Information and discussion on all aspects of British photographic history
This new book explores how popular photography influenced the development of British travel marketing in the late nineteenth and early twentieth century. Taking as its touchstone the image archive of the Polytechnic Touring Association, a London-based, originally philanthropic, travel firm, the book reveals the role that people’s increasing familiarity with the camera played in the travel industry’s shift from using lens-based images to mixed media.
This investigation uncovers the photographic desires of a new group of camera users – the tourist photographers: what photographs they took and why, and how this shaped how they experienced an increasing production of travel images. Through an exploration of lantern shows; the photography, travel and advertising press of the day; the work of official tour photographers; tourists’ personal photographs; and commercial photographic competitions, the book charts how the educational concerns and commercial imperatives, which successively defined the expected function of travel images, responded to these desires. As the book reveals, the relationship between popular photography and travel marketing was shaped by the different desires and expectations that consumers and institutions projected onto photography, in what became, effectively, a struggle over the interpretation of the travel image itself.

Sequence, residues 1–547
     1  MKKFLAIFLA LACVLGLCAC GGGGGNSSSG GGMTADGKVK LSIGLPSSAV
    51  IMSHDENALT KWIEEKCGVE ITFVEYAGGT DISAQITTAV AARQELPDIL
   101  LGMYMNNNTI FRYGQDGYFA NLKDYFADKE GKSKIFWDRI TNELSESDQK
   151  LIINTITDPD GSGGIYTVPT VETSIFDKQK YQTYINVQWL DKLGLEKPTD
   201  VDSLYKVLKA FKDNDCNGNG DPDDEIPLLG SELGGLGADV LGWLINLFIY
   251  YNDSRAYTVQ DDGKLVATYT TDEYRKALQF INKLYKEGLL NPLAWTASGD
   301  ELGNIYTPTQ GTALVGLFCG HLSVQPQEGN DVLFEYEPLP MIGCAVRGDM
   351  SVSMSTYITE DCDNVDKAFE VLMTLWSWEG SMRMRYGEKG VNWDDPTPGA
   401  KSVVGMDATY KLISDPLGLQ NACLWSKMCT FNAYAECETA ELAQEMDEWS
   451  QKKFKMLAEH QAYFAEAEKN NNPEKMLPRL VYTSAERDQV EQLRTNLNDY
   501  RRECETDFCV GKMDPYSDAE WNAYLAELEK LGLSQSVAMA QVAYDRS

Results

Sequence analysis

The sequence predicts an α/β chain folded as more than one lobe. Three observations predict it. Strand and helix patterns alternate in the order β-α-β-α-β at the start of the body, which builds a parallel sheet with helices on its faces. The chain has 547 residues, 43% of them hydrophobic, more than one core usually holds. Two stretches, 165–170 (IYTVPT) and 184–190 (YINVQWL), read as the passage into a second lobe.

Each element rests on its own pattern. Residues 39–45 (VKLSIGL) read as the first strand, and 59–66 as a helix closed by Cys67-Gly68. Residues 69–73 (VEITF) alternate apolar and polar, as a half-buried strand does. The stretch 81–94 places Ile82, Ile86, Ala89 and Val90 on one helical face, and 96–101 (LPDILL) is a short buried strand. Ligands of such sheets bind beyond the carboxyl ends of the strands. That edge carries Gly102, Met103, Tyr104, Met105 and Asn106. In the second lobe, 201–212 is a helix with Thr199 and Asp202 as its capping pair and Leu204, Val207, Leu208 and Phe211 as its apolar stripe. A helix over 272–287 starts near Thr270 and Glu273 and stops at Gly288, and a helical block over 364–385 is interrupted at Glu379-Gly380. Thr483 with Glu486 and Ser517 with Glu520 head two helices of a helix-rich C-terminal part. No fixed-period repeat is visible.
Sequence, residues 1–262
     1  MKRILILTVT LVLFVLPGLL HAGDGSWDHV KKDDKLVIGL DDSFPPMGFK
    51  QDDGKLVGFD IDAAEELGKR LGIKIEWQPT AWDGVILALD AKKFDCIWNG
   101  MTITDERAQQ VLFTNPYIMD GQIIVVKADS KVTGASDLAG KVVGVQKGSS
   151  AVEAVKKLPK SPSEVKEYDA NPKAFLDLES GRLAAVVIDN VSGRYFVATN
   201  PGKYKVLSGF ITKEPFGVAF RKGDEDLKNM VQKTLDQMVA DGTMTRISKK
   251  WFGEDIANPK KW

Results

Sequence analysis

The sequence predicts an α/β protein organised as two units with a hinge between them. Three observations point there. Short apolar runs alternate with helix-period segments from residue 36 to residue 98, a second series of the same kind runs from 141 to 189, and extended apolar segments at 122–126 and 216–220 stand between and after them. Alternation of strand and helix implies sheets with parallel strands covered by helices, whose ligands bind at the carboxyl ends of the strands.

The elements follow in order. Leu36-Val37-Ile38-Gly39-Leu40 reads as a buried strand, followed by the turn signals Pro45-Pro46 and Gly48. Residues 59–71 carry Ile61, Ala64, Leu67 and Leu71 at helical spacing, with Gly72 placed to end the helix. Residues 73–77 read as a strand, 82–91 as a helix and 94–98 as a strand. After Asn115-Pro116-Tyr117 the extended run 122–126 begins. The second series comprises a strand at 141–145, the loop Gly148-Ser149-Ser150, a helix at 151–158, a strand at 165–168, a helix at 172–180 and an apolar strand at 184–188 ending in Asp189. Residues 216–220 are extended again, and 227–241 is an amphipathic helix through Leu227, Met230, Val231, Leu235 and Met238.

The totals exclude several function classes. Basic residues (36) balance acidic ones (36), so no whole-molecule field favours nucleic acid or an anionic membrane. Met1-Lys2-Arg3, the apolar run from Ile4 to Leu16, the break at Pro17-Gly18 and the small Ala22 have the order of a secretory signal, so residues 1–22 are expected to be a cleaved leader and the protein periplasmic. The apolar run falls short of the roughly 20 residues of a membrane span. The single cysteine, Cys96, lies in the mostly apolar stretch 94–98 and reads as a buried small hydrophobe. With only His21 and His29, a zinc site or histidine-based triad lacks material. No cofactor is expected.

See more and buy: Travel Marketing and Popular Photography in Britain, 1888-1939: Rea... by Sara Dominici
About the Author:
Sara Dominici is a Lecturer in Cultural Studies and Course Leader for the MA in Art and Visual Culture at the University of Westminster, London. Her writing focuses on the history and culture of photography, the relationship between photography and the archive, cultural technologies and modernity, and, more broadly, the interdisciplinary study of visual culture and cultural studies.
Add a Comment